By Hillel Aron
By Joseph Tsidulko
By Patrick Range McDonald
By David Futch
By Hillel Aron
By Dennis Romero
By Jill Stewart
By Dennis Romero
Six years ago, Bob Mullally made a career-ending decision. He violated a court order and leaked 79 confidential files detailing domestic-violence complaints against LAPD officers to a KCBS-TV reporter.
On May 14, the 59-year-old criminal-defense consultant began a 45-day sentence at Oxford Federal Prison in south-central Wisconsin. Assistant U.S. Attorney Thomas Warren, who prosecuted Mullally on the misdemeanor charge, had argued against jail time. “We didn’t believe that, taking all the circumstances into consideration, the fact this was his first offense, the fact it was a violation of a civil-court order, and the fact this was an act of civil disobedience, that there was any purpose in sending him to jail,” Warren said.
Mullally gained access to the documents as part of his work helping attorney Gregory Yates, who sued the LAPD on behalf of the children of Melba Ramos, whose husband, Victor Ramos, an LAPD officer, killed her and her lover, Gregory Thomas, and then committed suicide. The cases filed by Ramos’ family and Thomas’ widow were settled in 1997 for $2.15 million; shortly afterward, Mullally released the documents to KCBS reporter Harvey Levin because he wanted to make sure the public knew about the domestic-violence records of dozens of officers. “I couldn’t have looked myself in the mirror if I had done nothing about this injustice,’’ Mullally said. “I had to expose what was going on.”
Yates had hired Mullally to evaluate domestic-violence cases involving Ramos and other LAPD officers. “It was clear there was a double standard. Civilians were being prosecuted but not police officers,” says Yates. “The LAPD was covering up and whitewashing cases involving domestic abuse by their officers.”
Mullally says he initially didn’t expect to find much in the files. “I figured the police would be policing themselves,”
he says. Instead, he was shocked by what he read.
“Kids were being beaten. Women were being beaten and raped. Their organs were ruptured. Bones were broken. It was hard cold-fisted brutality by police officers, and nothing was being done to protect their family members. And I couldn’t stand by and do nothing,” explains Mullally.
As far as Yates knows, none of the officers named in those files was ever prosecuted. He also says that former LAPD Chief Bernard Parks, then a deputy chief in charge of the bureau that oversaw the Internal Affairs Division, was named as the city’s expert on domestic violence in the case. But Yates never saw any report that Parks produced. Yates and Mullally also said that some files were never turned over. “The City Attorney’s Office [then headed by Jim Hahn] told the court those files were missing. They were lost in action.”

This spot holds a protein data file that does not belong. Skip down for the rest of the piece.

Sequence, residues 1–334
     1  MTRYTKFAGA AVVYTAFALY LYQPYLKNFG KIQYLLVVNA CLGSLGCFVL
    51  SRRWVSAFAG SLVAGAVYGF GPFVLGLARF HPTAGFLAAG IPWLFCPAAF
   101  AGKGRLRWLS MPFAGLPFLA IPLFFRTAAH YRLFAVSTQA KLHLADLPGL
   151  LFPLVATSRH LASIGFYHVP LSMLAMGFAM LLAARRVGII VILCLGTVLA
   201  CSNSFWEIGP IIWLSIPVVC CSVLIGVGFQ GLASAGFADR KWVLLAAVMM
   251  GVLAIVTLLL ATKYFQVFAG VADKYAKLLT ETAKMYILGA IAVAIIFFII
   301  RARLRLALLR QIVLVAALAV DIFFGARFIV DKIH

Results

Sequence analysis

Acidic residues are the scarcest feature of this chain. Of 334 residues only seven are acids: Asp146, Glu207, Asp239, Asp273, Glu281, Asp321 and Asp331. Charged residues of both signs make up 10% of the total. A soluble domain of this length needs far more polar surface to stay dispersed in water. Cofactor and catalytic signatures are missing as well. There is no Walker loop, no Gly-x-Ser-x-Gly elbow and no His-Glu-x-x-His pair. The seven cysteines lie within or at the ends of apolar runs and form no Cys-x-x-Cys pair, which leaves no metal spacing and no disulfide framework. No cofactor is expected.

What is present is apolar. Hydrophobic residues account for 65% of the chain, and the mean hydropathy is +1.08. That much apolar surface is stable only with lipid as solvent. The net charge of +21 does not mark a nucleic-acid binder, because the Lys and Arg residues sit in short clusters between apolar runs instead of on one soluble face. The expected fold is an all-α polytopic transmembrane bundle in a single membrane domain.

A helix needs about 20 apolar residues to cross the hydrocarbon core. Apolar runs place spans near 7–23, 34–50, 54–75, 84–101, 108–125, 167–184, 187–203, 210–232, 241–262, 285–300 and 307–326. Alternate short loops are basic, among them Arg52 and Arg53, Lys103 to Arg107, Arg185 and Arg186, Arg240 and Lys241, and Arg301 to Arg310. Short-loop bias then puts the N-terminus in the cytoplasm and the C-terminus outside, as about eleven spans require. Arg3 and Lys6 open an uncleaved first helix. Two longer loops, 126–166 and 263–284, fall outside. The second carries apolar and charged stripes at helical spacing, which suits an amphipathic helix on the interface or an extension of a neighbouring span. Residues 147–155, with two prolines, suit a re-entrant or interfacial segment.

In 2001, Mullally was convicted of contempt of court by U.S. District Judge William Keller and sentenced to 60 days in jail. The sentence was appealed, and last October the 9th Circuit upheld the contempt conviction but asked Keller to reconsider the sentence, calling the protective order that Mullally had signed “vague.” Citing Mullally’s lack of remorse, Keller, in March, re-imposed a jail sentence, reducing it to 45 days after listening to the prosecutor’s remarks.
Mullally’s legal troubles will soon be over, but his personal travails continue. Shortly before he left his home in Cedar Rapids, Iowa, to serve his time, Mullally learned his action to expose police corruption had cost him his new career.
Mullally had started working as a substitute teacher in Cedar Rapids. His last assignment before he reported to prison was at All Saints School. Mullally says the paperwork to begin that assignment included a stock question about criminal convictions. He answered that he was convicted of violating a court order for releasing information about LAPD officers accused of domestic violence.
A couple of hours later, the principal, Laura Daily, asked him to come to her office. Mullally says that Daily told him, “So you were an abuser. We can’t have you working around the children.”
Mullally explained what happened, and the principal seemed to understand that he had tried to stop the abuse. But two days later he got a letter from Dr. Clifford Ehlinger, executive director of the Grant Wood Agency, which oversees the substitute-teaching program in Cedar Rapids, telling him he had been fired.
Mullally says he called the agency to find out what had happened. He was told that Daily had called the service about him. Mullally again explained what had happened and appealed the action. But, he says, little hope was held out for a reversal.‰
Daily said she would not discuss the matter in detail because it is a personnel matter. When reminded that Mullally had waived confidentiality by giving an interview, Daily responded, “I’ll keep that in mind if I choose to call you back with a comment.” Daily also refused to say whether she had called the substitute-teacher agency, but she added, “I understood he was not a domestic abuser.” Ehlinger did not return calls for comment.
Although Mullally’s whistleblowing failed to bring any officers to justice, some positive developments did occur. In 1997, after Levin’s televised report on the leaked files was aired, former L.A. Police Commission Inspector General Katherine Mader reviewed the handling of domestic-violence cases involving LAPD officers.